Before delving into the reasons this isn’t as terrible as it sounds, let’s take a moment to collectively grieve (or angrily protest) what, on the surface, seems like a gutless or gut wrenching lack of leadership from two of the most storied automotive brands in history. Honda is an icon of efficient, sporty, inspired design and GM has built some of the most important electrified vehicles of the modern era in the groundbreaking Chevy Volt and the popular and affordable Chevy Bolt. The fact that they are throwing in the towel on the most important segment of electric vehicles, those priced under $30,000 (i.e. ones the majority of new car buyers can actually afford), is utterly frustrating for anyone that understands that electrification of our vehicles is one of the single most significant things we can do to address climate change. But let’s not dwell in that despair, or rage, because it isn’t as bad as it might seem.
First, the announcements from GM and Honda are only canceling their longer term plans to jointly utilize GM’s second generation Ultium battery platform and, so far, does not seem to impact the planned roll out of Honda’s first 300 mile range EV later this year, the Prologue nor its Acura ZDX counterpart. GM also isn’t abandoning its plans to develop its next generation of batteries, and likewise Honda isn’t giving up on affordable EVs either, it just may take a little longer for them to get them in production. As Reuters and CNBC point out, their collaboration was to produce affordable EVs together starting in 2027, so this announcement suggests that for these two brands at least, their options for EVs priced under $30,000 will be limited (perhaps to the next version of the Bolt in GM’s case), or nonexistent for at least the next 3 years. But that doesn’t mean there won’t be any sub $30,000 EVs. Remember, there are federal, state, and local incentives that effectively lower the cost of electric vehicles, and starting next year the federal incentive will have an option to be applied as a discount at point of purchase, according to nerdwallet.com. This means that, as long as you are purchasing an EV that qualifies for the various federal, state, and local incentives, you can lower the effective price of an EV significantly. For example, my friend just purchased a new Tesla Model 3 for a final price of about $29,000 after federal, state and local incentives were applied. So don’t abandon all hope, there are at least some options even now and there will be next year and the years after, too.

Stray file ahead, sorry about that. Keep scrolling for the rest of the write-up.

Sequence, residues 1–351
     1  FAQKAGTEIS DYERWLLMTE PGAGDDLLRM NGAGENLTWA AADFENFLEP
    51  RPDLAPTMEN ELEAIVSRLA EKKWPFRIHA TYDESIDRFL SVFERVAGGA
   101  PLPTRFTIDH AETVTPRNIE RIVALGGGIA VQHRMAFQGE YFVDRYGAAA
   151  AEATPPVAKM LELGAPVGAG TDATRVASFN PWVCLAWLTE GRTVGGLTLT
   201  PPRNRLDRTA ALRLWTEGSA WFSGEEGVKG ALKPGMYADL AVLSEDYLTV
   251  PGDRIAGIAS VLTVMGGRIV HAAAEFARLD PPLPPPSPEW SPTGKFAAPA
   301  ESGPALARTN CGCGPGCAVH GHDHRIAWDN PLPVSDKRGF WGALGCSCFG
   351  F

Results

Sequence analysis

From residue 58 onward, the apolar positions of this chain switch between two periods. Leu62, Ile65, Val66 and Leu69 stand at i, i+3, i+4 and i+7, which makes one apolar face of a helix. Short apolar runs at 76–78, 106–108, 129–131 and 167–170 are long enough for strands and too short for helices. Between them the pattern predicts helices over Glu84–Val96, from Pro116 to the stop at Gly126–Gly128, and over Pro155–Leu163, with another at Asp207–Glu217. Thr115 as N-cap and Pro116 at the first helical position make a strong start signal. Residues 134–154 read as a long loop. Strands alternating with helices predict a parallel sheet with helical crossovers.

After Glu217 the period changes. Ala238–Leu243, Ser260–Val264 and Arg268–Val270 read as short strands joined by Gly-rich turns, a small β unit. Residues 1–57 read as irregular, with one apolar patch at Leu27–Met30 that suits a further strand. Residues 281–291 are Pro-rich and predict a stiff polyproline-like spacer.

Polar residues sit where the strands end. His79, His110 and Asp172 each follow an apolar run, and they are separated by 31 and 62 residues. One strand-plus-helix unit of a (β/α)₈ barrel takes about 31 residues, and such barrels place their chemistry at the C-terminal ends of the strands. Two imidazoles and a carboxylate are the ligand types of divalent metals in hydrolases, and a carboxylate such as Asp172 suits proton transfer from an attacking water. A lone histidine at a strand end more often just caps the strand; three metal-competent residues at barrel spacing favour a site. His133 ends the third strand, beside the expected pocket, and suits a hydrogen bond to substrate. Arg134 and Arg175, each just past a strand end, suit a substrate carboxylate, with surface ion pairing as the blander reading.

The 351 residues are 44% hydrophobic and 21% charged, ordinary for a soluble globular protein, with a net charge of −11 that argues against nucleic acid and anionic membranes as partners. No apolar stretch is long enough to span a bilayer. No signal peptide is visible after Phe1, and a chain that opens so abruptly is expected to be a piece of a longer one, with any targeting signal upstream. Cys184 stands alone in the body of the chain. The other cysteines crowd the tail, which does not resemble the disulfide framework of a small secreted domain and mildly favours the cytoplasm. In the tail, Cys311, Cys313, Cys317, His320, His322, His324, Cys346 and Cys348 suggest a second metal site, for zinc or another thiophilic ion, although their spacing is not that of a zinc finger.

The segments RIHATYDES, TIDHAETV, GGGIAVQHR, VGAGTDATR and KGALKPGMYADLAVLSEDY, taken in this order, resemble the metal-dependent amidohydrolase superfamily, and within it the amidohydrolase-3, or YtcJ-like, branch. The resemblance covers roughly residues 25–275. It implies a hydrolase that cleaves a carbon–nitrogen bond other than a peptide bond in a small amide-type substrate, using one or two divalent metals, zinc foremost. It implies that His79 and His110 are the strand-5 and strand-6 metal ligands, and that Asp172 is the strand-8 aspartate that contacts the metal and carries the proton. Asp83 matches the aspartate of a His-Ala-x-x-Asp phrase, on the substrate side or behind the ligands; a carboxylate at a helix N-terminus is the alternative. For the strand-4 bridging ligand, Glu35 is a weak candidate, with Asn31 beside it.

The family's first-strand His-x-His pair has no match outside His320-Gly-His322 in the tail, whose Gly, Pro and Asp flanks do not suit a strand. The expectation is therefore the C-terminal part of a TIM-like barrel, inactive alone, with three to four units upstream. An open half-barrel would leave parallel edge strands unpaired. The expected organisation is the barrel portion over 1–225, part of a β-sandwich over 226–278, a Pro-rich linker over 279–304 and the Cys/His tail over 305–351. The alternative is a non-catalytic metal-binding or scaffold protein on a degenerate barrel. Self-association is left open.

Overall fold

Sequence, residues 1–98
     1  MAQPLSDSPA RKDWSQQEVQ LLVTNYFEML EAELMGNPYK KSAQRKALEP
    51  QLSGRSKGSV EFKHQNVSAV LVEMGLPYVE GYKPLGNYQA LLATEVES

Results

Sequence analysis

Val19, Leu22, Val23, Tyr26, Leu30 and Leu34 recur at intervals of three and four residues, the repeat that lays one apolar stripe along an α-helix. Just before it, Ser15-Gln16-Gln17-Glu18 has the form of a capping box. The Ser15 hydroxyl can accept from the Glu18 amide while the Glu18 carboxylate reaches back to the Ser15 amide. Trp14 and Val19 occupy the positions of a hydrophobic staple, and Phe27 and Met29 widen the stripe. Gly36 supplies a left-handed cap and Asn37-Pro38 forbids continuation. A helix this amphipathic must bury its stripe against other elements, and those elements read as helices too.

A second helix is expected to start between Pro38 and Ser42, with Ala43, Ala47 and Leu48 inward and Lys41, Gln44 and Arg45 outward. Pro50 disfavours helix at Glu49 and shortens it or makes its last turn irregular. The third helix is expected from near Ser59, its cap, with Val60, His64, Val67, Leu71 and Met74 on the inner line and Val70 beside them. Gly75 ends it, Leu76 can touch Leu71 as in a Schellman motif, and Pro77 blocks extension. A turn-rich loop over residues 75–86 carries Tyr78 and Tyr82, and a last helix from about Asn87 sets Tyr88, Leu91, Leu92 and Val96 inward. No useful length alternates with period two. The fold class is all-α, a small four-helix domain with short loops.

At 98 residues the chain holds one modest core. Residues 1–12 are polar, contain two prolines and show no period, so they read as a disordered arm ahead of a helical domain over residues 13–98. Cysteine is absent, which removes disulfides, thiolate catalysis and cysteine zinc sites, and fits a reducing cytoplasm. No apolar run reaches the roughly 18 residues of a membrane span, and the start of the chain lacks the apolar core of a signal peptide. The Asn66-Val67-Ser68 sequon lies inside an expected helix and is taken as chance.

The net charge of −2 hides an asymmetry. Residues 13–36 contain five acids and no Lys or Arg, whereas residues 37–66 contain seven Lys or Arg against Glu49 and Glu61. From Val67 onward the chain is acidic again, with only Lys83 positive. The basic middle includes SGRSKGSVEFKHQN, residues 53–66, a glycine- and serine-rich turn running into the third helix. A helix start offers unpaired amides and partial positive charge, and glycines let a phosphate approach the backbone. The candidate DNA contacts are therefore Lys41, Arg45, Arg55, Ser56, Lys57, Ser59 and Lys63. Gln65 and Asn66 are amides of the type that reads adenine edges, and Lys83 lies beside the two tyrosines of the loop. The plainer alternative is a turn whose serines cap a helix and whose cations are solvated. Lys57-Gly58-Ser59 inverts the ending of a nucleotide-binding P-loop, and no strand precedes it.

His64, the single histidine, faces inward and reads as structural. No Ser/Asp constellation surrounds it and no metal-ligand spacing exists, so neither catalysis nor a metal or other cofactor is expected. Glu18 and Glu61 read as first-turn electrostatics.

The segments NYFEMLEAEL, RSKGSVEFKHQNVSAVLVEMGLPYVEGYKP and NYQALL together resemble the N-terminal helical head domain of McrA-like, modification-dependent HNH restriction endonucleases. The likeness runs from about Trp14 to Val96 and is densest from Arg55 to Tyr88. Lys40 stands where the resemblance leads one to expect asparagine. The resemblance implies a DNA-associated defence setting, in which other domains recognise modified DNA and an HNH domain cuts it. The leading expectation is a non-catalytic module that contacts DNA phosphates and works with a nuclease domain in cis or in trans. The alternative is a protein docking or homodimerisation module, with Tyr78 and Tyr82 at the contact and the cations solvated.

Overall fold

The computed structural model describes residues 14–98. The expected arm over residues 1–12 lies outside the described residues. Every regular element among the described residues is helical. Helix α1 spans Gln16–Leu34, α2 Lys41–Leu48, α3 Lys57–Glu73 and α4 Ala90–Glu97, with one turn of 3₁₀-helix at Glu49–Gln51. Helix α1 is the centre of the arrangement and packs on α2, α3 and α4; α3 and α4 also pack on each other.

Second, while this could mean real trouble for GM, Honda and other brands that can’t bring more affordable EV products to market - because brands that can are going to runaway with their market share, potentially shrinking their long term customer retention or prospects - it is an opportunity for other brands like Kia, Hyundai, Nissan, Tesla etc. to sell more of their more affordable vehicles. Now, you may point out, fairly, that the MSRP for EVs from these companies is over $30,000 before any incentives (and not all of them sell EVs that qualify for incentives, too), so just how affordable are they? If you do some math, even if you end up paying over $30,000, the fuel (and maintenance) savings EVs can bring, compared to vehicles that run on fossil fuels (which includes standard hybrids that don’t plug in), is significant. Comparing the cost to drive 15,000 annual miles in a Toyota Prius getting 56 mpg, at today’s average US price of $3.54 for a gallon of gas, according to AAA, to Tesla’s least expensive Model 3 (like the one my friend bought for about $29,000) getting 4.2 miles per kWh at an average cost of approximately $.16 cents per, according to eia.gov, shows you that the Tesla saves about $377 a year on fueling costs. By the way, $29,000 happens to be the starting price of the second lowest Prius trim too. Also include other costs like an annual oil change and other combustion engine maintenance that no EV would ever require, and even in this best case scenario for the gas powered vehicle an affordable EV is going to save drivers at least $400 - $500 a year over a similarly priced gas powered vehicle (and a lot more than that if the comparison is to a less fuel efficient vehicle).
Are you mad or disheartened by GM and Honda’s announcement, or does it inspire you to look elsewhere or make different plans? Please leave your questions, comments and concerns below.
Images courtesy of Honda and GM.
Justin Hart has owned and driven electric vehicles for over 15 years, including a first generation Nissan LEAF, second generation Chevy Volt, Tesla Model 3, an electric bicycle and most recently a Kia Sorento PHEV. He is also an avid SUP rider, poet, photographer and wine lover. He enjoys taking long EV and PHEV road trips to beautiful and serene places with the people he loves. Follow Justin on Torque News Kia or X for regular electric and hybrid news coverage.